Monday, May 14, 2007

Seven Secrets

I’ve been tagged by Denise to write seven things no one knows about me. It's blog tag. And I'm IT. And Denise is a wonderful writer (who is really worth visiting for her evocative writing)who has no problem with spilling the beans... Okay, little known facts about me…

One: I wish I was 10 kg lighter. I weigh 90kg, and used to weigh 80kg. That was when I was running 100km per week. But right now I am not running at all. I pretend that I am a runner by reading running magazines. But I am over my running weight and after more than 100 marathons the knees are sore and the spirit is not as disciplined as it used to be.
Two: I love writing. I feel free when words are being shaped, prodded and pushed through then ends of my fingers. I wish that I could take a year off and just write. But the responsibilities of a family, and of putting a roof over our heads and getting bread on the table are ever present. So I snatch at moments in between other things.
Three: I take great delight in initiating my daughters into the ways of men. Because they have no brothers, they need to discover that men burp loudly, that we swagger with style, that we turn up the sound when rugby/cricket/golf/tennis (in fact any sport) in on the television and we turn down the sound when Days of our Lives or Generations comes on. I take great delight in the collective groan when I begin my “manly” act.
Four: There are songs that make me cry: like when Katie Melua sings The Closest Thing to Crazy, and when Eva Cassidy sings Songbird. I cry when Ralph McTell sings Streets of London, and Johnny Cash sings Orphan of the Road.
Five: I sing to myself when I am driving. Often I sing along with the song playing on the CD or the radio. I also curse other drivers. And plead with God to open a space in the traffic for me.
Six: I have bookshelves filled with many, many biographies. I am inspired by reading the lives of other people. My favourites are the lives of Nelson Mandela, and Desmond Tutu: Mr Mandela has autographed his book. Archbishop Tutu has inscribed his book to me and signed it. These are my heroes in life. I absolutely admire their integrity. And their unswerving commitment to justice. And their capacity for forgiveness and grace-filled living.
Seven. I hate it when someone says to me “I support your position” and then they are not willing to be with me when I act on my beliefs. This last weekend I was asked to leave my church’s Synod because of my support for blessing same-sex unions. Some of my friends and colleagues joined me in a public declaration of faith. But then some who kept quiet said privately that “they were with me”. No – you were not with me. I was in the water, and you were on the river bank. (as you can see I am just a bit raw at the moment).

So who to tag? I have some wonderful people who visit this site from time to time. And would love to discover more about you. Dion is a wonderful scholar and Vesper addict; Wessel has a beautiful wife and family; David lives in the north of Scotland, inspires my dreams of an emergent church – and of birds; Murray writes from England and plays an amazing new guitar; Gus reads books, plays guitar, and loves his wife/dogs; Steve runs a wonderful blogsite to challenge Stupid Church People; and suddenly I realise that this is very male… Becky the master’s English scholar, had better come to the party.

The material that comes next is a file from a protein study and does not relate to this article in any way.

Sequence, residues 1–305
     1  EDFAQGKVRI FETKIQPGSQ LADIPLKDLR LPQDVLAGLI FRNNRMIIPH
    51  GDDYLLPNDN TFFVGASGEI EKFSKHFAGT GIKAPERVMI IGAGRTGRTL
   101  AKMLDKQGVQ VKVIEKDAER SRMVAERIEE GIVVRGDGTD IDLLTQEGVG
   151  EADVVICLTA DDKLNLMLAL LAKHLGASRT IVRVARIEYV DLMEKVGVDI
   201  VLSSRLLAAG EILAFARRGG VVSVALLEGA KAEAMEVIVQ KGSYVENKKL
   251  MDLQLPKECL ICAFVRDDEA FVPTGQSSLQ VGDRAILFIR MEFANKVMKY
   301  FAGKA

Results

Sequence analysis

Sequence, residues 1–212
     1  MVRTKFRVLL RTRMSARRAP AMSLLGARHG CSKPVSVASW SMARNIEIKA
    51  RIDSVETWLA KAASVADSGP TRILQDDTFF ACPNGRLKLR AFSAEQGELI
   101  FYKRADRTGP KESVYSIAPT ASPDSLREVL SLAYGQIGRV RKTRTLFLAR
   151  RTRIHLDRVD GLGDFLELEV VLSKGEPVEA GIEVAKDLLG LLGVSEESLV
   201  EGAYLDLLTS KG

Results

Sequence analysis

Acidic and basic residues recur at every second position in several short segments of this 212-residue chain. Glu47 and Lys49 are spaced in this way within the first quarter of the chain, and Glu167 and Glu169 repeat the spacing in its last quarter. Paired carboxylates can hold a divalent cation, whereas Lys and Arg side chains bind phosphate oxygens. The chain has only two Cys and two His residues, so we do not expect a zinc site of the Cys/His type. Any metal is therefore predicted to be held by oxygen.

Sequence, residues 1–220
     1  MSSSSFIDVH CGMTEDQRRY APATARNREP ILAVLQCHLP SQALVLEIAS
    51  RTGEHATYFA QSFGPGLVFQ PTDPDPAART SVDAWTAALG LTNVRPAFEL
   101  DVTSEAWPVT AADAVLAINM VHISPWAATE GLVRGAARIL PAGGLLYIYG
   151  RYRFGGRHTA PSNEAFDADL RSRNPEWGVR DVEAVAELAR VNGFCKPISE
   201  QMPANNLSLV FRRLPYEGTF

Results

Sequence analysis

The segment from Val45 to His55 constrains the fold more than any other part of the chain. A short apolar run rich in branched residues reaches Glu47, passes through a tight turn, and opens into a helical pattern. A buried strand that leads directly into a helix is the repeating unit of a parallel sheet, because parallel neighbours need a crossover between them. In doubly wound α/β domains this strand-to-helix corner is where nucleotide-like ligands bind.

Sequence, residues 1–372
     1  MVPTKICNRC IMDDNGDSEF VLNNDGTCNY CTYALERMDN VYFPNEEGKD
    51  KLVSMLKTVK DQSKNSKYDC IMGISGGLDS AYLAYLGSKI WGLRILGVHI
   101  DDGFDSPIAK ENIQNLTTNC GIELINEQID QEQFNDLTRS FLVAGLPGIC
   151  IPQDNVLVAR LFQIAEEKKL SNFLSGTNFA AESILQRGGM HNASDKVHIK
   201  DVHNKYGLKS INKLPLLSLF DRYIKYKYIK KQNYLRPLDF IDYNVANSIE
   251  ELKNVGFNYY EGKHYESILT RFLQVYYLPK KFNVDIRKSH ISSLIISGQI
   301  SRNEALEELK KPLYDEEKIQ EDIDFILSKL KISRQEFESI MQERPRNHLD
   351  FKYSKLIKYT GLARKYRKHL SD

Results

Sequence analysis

Wessel Bentley said...

Hi Pete

You are deeply loved and I treasure your friendship. Thank you for complimenting my family. They are truly special.

Thank you for standing up at Synod and answering the way you did. I think it was necessary and has moved the church into a new direction. I do support you in your stance.

I did not stand up at synod and give a conditional yes to the questions. First I need to ask whether you include me, and others who engage with this issue differently (while still passionate about inclusivity of gay and lesbian brothers and sisters) among those who you believe to be standing cowardly on the banks. I hope not. Please clarify this for me.

I know that this debate is highly emotive, and I think that if your bishop handled the issue differently, we would not even be having this discussion.

My fear is that the events following last week's drama has caused a couple of us-them situations. There are those who stand in the same way we do, and those who are no, those who answered in a certain way and those who did not. This has been evident in some feedback in the gay-friendly forum, which I find unfortunate. I also get the sense that some engage with this issue in a win-lose manner - equally unfortunate.

What is your view, is this true or am I imagining things?

Love to all, and yes, I look up to you as a son does a father.

Denise said...

Someday I hope to see the autographed copies of Tutu and Mandela's biographies. I've heard Tutu speak, and he was just as warm and challenging as I expected.

Thanks for playing, Pete, and for the plug for my writing!